Italy is Eataly! Or so says the banner outside the door to the newly opened Mario Batali & Joe Bastianich’s Italian gourmet food store and market.
I have not read many reviews of Eataly. Maybe I should have, but anyway. First, I would like to take a moment to comment on the name. Eataly? Really? I mean, I get it. But does anyone else find it kinda….I dunno…stupid? I was half expecting (hoping) the meat department would be called Meataly, and then the bakery could be called Treataly. Oh – and the bread section – Wheataly! Ok, you get the idea.
The place is enormous and comprehensive – it includes sections for meats (cured and otherwise), cheese, wine, pasta, bread, baked goods, gelato, fun, imported packaged foods from Italy, a Panini station, and even kitchen gadgets and cookbooks.
The produce section is up front when you first enter the shop. It’s very nicely laid out – it has the feel of a fancy farmer’s market with baskets heaped with eggplants and apples and little garden signs detailing produce names and prices. They have some fancier items, like white and purple figs, lesser-known mushrooms, and those tiny little grapes.
Once you walk towards the center of the store things get a little more confusing. Eataly’s solution to this is to use signposts to direct you to your desired destination. I still got confused. Probably because I’m slow, but really, there was stuff everywhere and I got overwhelmed.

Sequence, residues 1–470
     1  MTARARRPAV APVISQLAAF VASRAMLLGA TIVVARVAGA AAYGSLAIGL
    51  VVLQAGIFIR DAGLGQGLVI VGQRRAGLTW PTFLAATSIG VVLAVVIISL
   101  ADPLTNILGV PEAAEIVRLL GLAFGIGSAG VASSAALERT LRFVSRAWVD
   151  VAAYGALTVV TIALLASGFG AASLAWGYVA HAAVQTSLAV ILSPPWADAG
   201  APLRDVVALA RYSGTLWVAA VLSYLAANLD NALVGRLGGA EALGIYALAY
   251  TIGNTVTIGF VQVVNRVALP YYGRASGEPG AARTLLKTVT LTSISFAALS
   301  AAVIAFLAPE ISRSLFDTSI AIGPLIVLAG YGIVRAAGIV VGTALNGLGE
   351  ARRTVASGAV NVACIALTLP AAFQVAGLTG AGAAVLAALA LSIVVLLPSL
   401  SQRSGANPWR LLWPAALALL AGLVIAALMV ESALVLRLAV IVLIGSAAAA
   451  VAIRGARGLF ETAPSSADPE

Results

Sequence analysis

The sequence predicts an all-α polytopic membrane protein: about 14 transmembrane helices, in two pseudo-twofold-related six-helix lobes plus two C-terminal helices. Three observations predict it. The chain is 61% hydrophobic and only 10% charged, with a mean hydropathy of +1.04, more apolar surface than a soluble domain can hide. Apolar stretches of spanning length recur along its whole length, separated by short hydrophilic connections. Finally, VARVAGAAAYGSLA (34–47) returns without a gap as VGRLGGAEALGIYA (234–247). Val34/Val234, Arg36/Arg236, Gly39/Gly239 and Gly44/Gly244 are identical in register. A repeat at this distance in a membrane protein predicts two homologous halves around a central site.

I was also hungry. And if you know me, you know how I get when I’m hungry. Cranky. And I’m hungry pretty much all the time, so….Anyway, I was looking for lunch, preferably something relatively healthy and pre-made (because I didn’t have the patience to put anything together myself at that moment). There aren’t a lot of pre-made offerings except for baked goods, gelato, and Panini. I settled on a Panini. I ordered a hot Panini with prosciutto, spicy peppers, and Mizuna. There were only two hot and two cold offerings at the Panini station. I don’t know if this is good or bad, I’m just sayin’.
I knew this would not be enough food for me, so I wandered around checking out some other stuff. I settled on some white figs (which are really green), a Honeycrisp apple, some imported chips from Italy (of course – Chipaly!!), and a tiny pot of honey (I should note, I’m a sucker for fancy-pants gourmet stores and food packaging. I am a designer, after all.) As I was wandering around the isles, I overheard many astounded comments from other patrons regarding the prices of the food. It is expensive. My whole order came to around $20. Yikes. But it’s for science, people. And my readers – all 12 of them (readership is up)! I’m not really going to comment much on the cost of things, other than to agree it’s pricey, and suggest you should prepare yourself for that if you are going to shop there.
I perused some of the other sections including the cheeses (nice selection), the cookbooks (not extensive, but some good choices), and the kitchen gadget area, which I found a little tchotchke-ish and overrun with Alessi-designed implements.
Eataly really does seem to want to impress that they are authentic Italian. In fact, most of the signage is in both English and Italian. I suppose vacationing Italians will flock here in droves and need proper instruction as to the whereabouts of the Parmesano Reggiano.
I took my lunch across the street to devour it at one of Madison Square Park’s outdoor tables. The sandwich was good. The bread was fresh and crispy, and I liked the added kick from the spicy peppers. The produce (apple and figs) was fresh – no spores, molds or fungus. And the chips were decent – like the Italian version of tortilla chips.
Un pranzo costoso ma delizioso.
200 5th Ave
New York 10010